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Transitions - Rebuilding a whole post stroke person

By David Wasielewski

 

 

Iíve written before about the challenges involved in stroke recovery. There are of course those that relate to the physical deficits of stroke, ranging from minor losses in function or feeling to major deficits of hemiplegia, severe aphasia etc. There are many strategies for overcoming and adjusting to these issues. Therapy techniques evolve and new technologies like robot assistance and biofeedback mechanisms come available almost every time we pick up a magazine or research journal.

 

Less discussed are the strategies and resources that one needs to help recover from social and psychological losses that result from stroke. One profound loss for those affected is the social environment that the survivor existed in prior to the stroke. For relatively young survivors like me (48 at the time) a social life consists of work associates, sports teams, family and friends. These relationships depend not only on compatible personalities but also build on shared experiences. Friendships, associations and family relations are built on shared experiences: competing on a team, traveling together, etc.

 

In many cases these activities supplement other relationships. Co-workers meet at happy hour, attend sports events or shows. Not being able to participate in these other common activities affects the survivorís ability to become a full member of their social circle. It significantly limits many normal social opportunities.

 

As a relatively young survivor with significant physical deficits I find my range of activities limited. I had to retire from a long career, and could no longer participate in sports that I enjoyed. I did find opportunities to participate in other activities. I returned to traditional school as well as attend adult educational seminars designed for retired seniors as well as participate in various social groups whenever possible. These are enjoyable but often not in synch with my attitude and mental state.

 

I was recently unable to participate in an interesting field trip for a class I took at my local community college due to my physical limitations. I typically find that I am the oldest student in my traditional classes. I am often the youngest member in the adult / senior seminars I attend. My physical abilities might be in sync with those of the seniors but my mindset is often quite different. While the intellectual challenges of school are rewarding acclimating to the mindset of those significantly older or younger than myself presents a challenge.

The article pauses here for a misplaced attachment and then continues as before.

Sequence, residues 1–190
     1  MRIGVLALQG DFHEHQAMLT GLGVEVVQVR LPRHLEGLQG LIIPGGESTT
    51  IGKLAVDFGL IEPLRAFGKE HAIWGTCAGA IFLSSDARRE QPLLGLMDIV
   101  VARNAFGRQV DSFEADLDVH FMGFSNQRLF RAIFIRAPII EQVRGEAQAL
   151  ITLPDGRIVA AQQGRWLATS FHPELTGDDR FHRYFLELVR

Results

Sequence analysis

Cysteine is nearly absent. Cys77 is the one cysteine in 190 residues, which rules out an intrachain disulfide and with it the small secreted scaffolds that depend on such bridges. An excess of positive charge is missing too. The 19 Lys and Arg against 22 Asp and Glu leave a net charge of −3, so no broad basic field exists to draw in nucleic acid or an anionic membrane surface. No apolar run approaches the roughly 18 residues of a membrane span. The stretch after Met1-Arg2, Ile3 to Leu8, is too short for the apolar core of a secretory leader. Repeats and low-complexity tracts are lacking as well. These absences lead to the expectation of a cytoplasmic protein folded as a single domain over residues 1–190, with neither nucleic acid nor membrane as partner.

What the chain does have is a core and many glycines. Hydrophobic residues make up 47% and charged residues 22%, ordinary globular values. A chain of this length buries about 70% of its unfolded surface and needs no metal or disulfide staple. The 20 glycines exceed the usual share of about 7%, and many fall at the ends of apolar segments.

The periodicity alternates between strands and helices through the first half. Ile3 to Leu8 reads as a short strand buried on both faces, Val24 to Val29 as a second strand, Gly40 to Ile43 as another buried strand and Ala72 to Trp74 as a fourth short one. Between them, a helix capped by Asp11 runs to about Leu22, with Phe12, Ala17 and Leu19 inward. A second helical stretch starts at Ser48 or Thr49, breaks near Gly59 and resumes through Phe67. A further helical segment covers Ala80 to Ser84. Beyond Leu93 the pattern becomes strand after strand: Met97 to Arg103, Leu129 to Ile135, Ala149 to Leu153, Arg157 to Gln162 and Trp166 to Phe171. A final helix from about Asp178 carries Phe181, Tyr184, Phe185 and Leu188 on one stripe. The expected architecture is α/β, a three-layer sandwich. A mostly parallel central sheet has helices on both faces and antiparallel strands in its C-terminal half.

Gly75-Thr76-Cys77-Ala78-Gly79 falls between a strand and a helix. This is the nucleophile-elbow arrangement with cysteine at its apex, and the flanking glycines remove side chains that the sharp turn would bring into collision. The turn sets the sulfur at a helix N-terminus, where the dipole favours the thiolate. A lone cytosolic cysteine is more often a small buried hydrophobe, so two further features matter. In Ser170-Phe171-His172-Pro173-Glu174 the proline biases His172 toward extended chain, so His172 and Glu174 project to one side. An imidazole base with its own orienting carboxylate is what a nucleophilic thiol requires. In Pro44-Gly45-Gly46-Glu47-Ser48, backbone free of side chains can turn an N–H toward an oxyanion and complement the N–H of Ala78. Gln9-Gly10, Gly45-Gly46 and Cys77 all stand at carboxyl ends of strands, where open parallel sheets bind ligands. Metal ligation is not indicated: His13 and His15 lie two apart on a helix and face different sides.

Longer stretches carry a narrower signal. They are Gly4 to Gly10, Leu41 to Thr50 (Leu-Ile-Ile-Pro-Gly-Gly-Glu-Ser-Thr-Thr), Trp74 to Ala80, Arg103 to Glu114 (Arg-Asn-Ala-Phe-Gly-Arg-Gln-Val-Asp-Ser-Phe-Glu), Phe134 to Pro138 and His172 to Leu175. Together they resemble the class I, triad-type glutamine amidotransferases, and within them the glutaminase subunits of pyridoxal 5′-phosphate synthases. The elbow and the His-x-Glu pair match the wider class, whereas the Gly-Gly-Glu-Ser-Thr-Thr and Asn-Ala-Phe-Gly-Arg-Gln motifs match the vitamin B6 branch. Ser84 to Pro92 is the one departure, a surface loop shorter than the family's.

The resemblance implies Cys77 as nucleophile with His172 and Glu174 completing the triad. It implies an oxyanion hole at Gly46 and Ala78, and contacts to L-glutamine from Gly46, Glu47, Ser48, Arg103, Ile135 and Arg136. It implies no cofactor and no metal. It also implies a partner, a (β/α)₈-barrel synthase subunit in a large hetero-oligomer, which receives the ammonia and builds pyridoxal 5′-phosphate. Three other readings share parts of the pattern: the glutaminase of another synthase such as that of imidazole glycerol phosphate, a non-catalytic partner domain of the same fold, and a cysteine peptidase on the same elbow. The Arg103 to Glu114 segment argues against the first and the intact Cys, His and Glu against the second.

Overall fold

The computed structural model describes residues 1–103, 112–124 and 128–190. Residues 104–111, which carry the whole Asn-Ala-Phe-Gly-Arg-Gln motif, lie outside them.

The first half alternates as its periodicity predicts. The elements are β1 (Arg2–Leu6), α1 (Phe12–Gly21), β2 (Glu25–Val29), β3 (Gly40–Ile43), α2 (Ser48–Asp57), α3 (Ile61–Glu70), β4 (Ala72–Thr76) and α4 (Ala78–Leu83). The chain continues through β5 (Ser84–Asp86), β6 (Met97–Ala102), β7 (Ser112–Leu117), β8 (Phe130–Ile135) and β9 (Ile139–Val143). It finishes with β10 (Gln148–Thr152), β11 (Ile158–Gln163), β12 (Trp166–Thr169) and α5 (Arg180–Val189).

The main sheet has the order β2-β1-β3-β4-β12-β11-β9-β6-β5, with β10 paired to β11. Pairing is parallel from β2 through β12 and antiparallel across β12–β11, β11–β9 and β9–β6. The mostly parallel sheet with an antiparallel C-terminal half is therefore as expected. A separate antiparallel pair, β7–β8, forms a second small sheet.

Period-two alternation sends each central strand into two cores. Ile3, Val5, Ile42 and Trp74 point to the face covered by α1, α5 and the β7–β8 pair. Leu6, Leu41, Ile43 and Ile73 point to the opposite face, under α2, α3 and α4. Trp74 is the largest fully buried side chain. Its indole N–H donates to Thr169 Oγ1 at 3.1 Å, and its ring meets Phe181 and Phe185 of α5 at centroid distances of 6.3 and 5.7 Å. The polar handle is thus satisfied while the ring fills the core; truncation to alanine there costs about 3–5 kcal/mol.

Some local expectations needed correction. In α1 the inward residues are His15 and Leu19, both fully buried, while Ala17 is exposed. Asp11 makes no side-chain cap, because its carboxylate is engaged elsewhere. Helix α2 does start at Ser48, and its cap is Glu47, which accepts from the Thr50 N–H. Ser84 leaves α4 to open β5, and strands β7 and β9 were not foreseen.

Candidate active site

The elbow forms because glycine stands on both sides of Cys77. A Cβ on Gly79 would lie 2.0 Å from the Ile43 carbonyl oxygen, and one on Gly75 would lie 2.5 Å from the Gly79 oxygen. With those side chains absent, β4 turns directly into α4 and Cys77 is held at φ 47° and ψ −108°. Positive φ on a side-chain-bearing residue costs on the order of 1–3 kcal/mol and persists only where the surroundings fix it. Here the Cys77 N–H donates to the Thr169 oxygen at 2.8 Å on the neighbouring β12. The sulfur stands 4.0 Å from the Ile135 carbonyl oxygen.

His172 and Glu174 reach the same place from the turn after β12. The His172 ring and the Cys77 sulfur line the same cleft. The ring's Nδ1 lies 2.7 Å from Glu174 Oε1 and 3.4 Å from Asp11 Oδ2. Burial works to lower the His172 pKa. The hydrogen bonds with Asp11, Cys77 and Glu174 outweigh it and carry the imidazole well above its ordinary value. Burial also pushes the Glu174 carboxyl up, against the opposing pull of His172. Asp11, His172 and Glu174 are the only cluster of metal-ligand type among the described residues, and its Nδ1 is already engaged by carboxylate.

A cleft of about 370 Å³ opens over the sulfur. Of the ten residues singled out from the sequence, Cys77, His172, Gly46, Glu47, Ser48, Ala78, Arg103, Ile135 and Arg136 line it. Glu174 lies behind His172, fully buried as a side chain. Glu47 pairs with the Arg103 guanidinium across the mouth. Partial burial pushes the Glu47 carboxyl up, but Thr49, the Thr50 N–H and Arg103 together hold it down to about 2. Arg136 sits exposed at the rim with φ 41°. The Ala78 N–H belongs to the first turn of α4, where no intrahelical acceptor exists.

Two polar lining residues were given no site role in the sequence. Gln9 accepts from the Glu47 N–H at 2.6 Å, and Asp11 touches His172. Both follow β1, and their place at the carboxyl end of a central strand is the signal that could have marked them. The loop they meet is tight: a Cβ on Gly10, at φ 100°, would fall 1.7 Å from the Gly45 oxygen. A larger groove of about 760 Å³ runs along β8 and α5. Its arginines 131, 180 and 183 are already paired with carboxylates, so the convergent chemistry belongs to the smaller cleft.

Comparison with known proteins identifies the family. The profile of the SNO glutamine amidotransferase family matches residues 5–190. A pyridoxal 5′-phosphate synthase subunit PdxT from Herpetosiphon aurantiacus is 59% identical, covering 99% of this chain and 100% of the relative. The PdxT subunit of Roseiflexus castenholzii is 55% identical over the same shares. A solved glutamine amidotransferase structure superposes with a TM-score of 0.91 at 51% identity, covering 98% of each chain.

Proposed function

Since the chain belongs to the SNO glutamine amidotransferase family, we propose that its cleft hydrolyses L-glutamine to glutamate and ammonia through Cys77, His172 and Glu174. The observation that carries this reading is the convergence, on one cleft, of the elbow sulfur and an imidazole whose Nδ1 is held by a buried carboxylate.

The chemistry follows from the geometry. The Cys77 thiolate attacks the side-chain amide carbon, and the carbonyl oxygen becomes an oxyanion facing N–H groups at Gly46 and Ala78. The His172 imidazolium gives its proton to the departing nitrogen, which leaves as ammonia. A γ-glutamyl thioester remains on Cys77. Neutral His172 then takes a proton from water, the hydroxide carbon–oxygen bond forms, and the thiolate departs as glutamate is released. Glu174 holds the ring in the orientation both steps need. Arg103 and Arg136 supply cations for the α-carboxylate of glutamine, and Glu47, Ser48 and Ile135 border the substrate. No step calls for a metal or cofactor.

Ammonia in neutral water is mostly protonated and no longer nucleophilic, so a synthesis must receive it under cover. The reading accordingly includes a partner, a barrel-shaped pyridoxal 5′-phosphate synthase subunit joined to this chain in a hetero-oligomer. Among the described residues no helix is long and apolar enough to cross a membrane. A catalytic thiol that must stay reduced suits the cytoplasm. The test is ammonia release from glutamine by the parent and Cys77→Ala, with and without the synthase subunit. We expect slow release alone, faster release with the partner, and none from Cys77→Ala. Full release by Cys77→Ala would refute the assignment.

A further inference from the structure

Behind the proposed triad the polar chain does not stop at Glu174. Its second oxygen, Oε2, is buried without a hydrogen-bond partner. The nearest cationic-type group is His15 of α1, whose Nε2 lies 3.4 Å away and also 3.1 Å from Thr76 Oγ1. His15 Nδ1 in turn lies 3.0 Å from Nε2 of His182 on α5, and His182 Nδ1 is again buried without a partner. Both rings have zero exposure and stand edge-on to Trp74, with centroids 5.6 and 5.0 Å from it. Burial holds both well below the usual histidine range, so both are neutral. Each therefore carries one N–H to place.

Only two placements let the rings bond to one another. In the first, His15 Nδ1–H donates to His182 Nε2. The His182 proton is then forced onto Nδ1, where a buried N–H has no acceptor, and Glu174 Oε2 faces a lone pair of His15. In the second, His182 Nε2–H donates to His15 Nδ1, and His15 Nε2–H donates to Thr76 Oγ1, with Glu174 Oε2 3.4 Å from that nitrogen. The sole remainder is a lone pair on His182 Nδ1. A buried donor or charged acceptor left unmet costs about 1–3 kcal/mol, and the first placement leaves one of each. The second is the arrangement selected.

My physical limitations may not allow me to participate fully with the younger folks while I donít have the mindset or the patience to appreciate much of what the older folks are experiencing. This frustration often leaves me in a place where I am simply in a room full of people that I know rather than a group who I might otherwise consider close friends. My intellectual curiosity is satisfied but there is a tendency to be left out of other, important social experiences.

 

I do participate in and often lead activities for my local stroke support group and consider many of these folks among my good friends, but arranging activities with this diverse group, most new to their disabilities, is another challenge. Most of these folks are learning to live with their own disabilities while also trying to figure out the often hidden social challenges that come with life after a stroke. Dealing with my own disability, while helping others is a unique experience in itself. The opportunity to simply relax and have fun is not as easy to achieve as it was before the stroke. Everything takes more effort now.

 

The point here is not to simply recognize that these challenges exist but rather to understand that the social part of recovery is as important as the physical. Survivors and caregivers need to be aware of these less obvious aspects of recovery and be sure that these often hidden needs are addressed. Sadness and depression in survivors is as much about dealing with physical loses as the social losses described here. Assisting the survivor build a meaningful social life will go a long way towards helping them successfully navigate their post stroke world.

 

 

Copyright July 2012

The Stroke Network, Inc.

P.O. Box 492 Abingdon, Maryland 21009

All rights reserved.